Driving west along State Highway 46 on a summer evening, the setting sun is outdone by a remarkable sight just outside Wasco, California—acre upon acre of roses, a riot of pinks, reds, lavenders, and oranges brighter than the blushing clouds above.

In a year, each of those plants will be bringing its beauty to a garden somewhere across America.

Beautiful holdout. A handful of producers in Wasco harvest about 30 percent of the nation’s bare-root roses, hanging onto the city’s Rose Capital of the World title despite the fact that the cut rose industry disappeared in the early 2000s, profitable almonds beat out roses, and Arizona farmers captured a significant part of the bare-root market.

Tooth-and-nail competition is rarely this beautiful, and Wasco’s rose farmers are fighting with exciting new varieties bred to help ensure success in the home garden.

Dan Waterhouse of NeuHouse Farms grows 200 varieties of roses. He and his wife Nancy Neufield planted 5 acres of roses in 2004 to diversify their operation, which also includes vegetables, carrots, almonds, and pistachios. Today, they grow roses on 220 acres—about one-quarter of Wasco’s rose acreage—and ship about 5 million plants per year.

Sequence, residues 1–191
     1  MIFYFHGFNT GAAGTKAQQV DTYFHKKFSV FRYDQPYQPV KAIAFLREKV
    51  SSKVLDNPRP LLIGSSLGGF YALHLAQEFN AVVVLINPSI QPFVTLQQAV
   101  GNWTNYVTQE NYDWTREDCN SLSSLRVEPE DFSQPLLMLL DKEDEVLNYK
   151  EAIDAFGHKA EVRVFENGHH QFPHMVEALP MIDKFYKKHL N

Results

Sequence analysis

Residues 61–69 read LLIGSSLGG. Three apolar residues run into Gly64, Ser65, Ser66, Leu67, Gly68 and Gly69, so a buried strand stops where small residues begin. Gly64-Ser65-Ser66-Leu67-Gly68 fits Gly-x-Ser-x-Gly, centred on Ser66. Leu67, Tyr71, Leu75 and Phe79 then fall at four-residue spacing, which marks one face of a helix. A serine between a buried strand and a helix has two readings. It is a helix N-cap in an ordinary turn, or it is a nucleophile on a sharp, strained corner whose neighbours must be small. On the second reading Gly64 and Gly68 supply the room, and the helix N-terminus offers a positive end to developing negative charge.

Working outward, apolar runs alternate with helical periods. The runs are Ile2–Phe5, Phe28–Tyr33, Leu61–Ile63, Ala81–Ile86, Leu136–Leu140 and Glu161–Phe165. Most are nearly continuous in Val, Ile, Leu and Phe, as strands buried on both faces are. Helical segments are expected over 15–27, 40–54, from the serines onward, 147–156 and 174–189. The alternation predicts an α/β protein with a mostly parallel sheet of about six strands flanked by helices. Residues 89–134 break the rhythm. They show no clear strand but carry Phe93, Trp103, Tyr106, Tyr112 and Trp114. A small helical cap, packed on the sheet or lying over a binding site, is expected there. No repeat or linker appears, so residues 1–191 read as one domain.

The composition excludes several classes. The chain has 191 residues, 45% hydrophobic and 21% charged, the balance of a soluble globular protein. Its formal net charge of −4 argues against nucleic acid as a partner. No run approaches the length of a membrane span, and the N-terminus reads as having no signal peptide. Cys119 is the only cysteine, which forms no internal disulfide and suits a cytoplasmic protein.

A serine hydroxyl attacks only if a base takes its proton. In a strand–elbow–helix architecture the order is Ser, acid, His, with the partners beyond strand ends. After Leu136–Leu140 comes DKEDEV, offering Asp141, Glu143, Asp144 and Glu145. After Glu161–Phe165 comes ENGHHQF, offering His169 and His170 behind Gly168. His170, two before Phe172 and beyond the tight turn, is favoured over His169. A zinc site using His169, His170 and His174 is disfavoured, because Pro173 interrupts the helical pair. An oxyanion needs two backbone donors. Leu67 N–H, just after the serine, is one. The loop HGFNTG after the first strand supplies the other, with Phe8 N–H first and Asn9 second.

Dan Waterhouse, who with his wife Nancy Neufield is the fourth generation on NeuHouse Farms, draws on orchard experience to grow bare-root roses.

As the Waterhouses were entering the bare-root market, the cut rose industry was heading south to Colombia and Ecuador.

The immediate spark was the 2001 Andean Trade Preference Act (ATPA), which lifted import tariffs on Colombian and Ecuadorian flowers in an effort by the George W. Bush administration to provide local alternatives to coca crops. Lower labor costs, four-hour air freight flights to Miami, and the market shift to massive orders from big-box stores rather than smaller orders from flower wholesalers had already set the stage for success in South America. California’s share of the U.S. cut flower market fell from 95 percent to less than 2 percent, according to Texas A&M University.